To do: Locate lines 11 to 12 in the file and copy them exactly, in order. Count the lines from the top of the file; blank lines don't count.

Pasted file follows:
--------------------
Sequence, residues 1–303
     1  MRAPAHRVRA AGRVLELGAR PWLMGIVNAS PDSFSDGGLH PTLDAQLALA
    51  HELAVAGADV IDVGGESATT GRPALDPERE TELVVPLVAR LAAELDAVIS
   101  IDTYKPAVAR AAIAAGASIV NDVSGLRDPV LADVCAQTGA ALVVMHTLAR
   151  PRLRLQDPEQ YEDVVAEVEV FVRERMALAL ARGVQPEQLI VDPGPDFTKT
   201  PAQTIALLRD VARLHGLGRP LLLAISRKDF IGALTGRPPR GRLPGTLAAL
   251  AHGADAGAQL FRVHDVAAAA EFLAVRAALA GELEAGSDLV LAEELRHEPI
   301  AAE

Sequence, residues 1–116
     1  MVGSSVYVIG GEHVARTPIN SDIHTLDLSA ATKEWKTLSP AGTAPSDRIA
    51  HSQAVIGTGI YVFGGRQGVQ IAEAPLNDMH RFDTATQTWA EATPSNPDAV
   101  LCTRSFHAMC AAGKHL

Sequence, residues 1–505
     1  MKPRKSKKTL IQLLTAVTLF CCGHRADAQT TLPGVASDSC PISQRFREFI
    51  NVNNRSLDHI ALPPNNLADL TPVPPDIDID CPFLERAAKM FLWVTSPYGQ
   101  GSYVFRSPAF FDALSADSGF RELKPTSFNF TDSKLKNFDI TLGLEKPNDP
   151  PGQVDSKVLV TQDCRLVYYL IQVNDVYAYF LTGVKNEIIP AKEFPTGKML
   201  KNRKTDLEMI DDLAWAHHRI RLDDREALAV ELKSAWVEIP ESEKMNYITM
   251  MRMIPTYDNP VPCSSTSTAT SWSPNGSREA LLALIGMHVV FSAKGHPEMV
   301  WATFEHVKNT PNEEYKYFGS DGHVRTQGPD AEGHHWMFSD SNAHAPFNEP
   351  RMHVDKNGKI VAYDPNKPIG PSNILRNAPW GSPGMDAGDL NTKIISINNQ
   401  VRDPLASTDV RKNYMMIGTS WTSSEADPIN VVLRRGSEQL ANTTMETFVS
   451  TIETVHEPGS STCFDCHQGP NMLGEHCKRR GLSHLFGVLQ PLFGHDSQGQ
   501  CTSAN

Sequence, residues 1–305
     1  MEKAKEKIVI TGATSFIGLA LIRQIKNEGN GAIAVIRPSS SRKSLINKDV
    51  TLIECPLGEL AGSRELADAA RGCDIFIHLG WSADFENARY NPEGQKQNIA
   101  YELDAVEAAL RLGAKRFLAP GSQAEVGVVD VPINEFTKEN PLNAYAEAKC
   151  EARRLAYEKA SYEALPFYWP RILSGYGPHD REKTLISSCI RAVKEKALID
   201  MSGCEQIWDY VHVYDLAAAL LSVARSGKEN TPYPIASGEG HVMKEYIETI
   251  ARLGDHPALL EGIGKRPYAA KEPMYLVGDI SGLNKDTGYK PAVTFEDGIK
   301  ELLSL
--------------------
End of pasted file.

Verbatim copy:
    51  HSQAVIGTGI YVFGGRQGVQ IAEAPLNDMH RFDTATQTWA EATPSNPDAV
   101  LCTRSFHAMC AAGKHL